Strangers at a Festival

This weekend Nana and I made our way to the International Festival.  The festival has booths and food from all around the world, but most importantly, they have bands from all different genres and cultures.  I was pretty excited because both Nana and I love music and to dance.  Plus, I was looking forward to the experience of having a blanket and festival food and chilling with the rest of the other festival-goers and just enjoying life and music surrounding us.

I was relaying my experience to my sister, explaining that while I would have enjoyed Wood attending, Nana and I probably had more fun on our own.  As I’ve mentioned before, I have a more relaxed parenting style compared to Wood, especially in how Nana relates in public.  We were able to get our food and park ourselves on a blanket in front of the main stage.  When the headliner act came on, Nana cut loose.  I love watching her when she feels the beat.  Its like the music really flows through her and she has to move.  Our Nana gets downt.

Besides that, she was able to move around a little (within eyesight and a couple of steps either way) and play with the OMG! total strangers around us.  Yes, I regularly let Nana speak to and sometimes engage with strangers.   There weren’t many people with children there and so Nana stole to show.  The guy on the left of us taught her to shoot her bubble gun up in the air in order to get more reach on her bubbles.  People all around us were smiling and looking around for the source of the bubbles.  My Nana brings the cool wherever she goes. The ladies on the right of us gave her a coozy which she promptly used as a glove.  I mean, what else is that weird thing supposed to be used for.  The couple in the back of us held a dance off with Nana in which I declared a tie, only because all of them were really off-beat and I didn’t want to hurt their feelings.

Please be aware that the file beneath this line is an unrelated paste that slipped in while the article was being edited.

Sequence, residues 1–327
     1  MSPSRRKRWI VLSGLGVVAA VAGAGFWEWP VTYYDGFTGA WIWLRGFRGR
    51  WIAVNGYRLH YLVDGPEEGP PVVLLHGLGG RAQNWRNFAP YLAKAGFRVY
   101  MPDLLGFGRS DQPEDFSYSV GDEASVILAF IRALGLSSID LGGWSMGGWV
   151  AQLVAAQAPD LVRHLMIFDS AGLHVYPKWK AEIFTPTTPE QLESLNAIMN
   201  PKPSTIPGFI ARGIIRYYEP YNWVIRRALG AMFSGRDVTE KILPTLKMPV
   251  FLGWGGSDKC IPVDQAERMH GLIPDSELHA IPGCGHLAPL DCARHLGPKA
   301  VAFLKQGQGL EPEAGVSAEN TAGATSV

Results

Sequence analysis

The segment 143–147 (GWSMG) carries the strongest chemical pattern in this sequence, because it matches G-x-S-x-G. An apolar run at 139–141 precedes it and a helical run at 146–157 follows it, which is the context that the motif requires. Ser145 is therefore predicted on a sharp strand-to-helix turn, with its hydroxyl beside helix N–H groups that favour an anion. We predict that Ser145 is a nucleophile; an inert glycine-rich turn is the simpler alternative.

All of this meant that I didn’t have to spend so much time disciplining her, “sit down, don’t go over there, come back here, don’t bother those people.”  It made for a good time for both of us.  It also made me feel that there is still a community out there of people who are not bothered by children and who are open to engaging with others if they are allowed.

Interestingly, my sister told me that I should have been more careful.  She hit me with the nebulous, “people are crazy and you never know what they will do.”  What a total drag.   I didn’t go into detail with Wood about it.  I really struggle with this idea that Nana is this precious thing that no one should talk to.  And furthermore, that should not make any noise or bother anyone.   We know that kids are most likely hurt by people they know and are friends of their parents, not strangers at a festival.

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2 thoughts on “Strangers at a Festival

  1. My Stinky was so use to being passed around that she had no filter. There was no stranger danger to the point she would pick up and go! I know that’s where my fear originated from while in public. I agree with you and your sister. It depends on your child and their story. I find comfort in a child having some hesitation when it comes to strangers!

  2. I’m struggling with the kids should be “seen and not heard” philosophy. I want Hope to be up and out, but not too much; she can get out of pocket quick and there’s so little middle ground for her that it’s tough because I have to give her space and guard rails to figure it out. Some days I just need for her to do the “not heard” part. Ugh!

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